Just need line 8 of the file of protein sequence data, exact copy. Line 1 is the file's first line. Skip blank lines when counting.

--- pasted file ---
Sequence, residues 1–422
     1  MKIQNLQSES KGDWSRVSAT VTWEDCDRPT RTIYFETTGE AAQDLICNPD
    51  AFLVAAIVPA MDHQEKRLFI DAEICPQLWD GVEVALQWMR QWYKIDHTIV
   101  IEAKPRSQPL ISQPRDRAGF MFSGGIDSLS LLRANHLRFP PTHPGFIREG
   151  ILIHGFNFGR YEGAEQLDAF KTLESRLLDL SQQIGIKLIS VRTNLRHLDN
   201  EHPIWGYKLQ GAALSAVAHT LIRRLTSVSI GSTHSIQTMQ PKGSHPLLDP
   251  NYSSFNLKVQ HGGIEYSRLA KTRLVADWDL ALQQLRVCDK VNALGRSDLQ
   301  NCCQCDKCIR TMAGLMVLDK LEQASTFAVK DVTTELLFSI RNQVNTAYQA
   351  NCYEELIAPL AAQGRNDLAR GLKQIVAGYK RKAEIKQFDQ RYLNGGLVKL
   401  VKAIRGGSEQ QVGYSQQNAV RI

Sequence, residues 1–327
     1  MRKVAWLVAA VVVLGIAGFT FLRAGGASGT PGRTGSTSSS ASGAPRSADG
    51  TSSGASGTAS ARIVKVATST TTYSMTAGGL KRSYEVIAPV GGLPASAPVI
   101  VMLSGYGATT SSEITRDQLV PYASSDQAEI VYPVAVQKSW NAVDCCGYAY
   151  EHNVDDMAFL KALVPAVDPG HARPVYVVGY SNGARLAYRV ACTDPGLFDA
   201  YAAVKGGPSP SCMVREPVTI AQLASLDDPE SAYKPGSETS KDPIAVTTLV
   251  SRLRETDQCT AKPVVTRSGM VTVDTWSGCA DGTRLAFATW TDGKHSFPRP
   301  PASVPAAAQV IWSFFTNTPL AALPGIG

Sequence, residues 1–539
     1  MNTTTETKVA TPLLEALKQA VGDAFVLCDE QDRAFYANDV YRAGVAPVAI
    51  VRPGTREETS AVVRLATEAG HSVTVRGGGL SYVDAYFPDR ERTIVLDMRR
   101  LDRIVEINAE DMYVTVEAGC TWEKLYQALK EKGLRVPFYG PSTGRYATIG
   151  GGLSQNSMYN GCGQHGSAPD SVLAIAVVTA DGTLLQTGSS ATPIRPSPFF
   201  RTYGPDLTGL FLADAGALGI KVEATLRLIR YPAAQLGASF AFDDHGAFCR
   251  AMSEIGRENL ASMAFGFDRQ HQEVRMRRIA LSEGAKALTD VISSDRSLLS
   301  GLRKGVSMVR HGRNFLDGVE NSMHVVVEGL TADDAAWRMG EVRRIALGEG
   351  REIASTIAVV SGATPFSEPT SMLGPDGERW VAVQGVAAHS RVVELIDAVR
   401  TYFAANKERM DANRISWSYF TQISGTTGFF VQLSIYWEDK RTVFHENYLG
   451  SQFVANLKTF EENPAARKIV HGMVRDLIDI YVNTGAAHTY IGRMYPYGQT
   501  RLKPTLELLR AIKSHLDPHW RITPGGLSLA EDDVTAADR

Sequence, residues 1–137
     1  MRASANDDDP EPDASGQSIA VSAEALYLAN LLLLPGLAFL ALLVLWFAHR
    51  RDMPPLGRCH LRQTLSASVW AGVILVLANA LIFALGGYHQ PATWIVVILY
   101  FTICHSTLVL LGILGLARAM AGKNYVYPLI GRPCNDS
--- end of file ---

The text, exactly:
   301  NCCQCDKCIR TMAGLMVLDK LEQASTFAVK DVTTELLFSI RNQVNTAYQA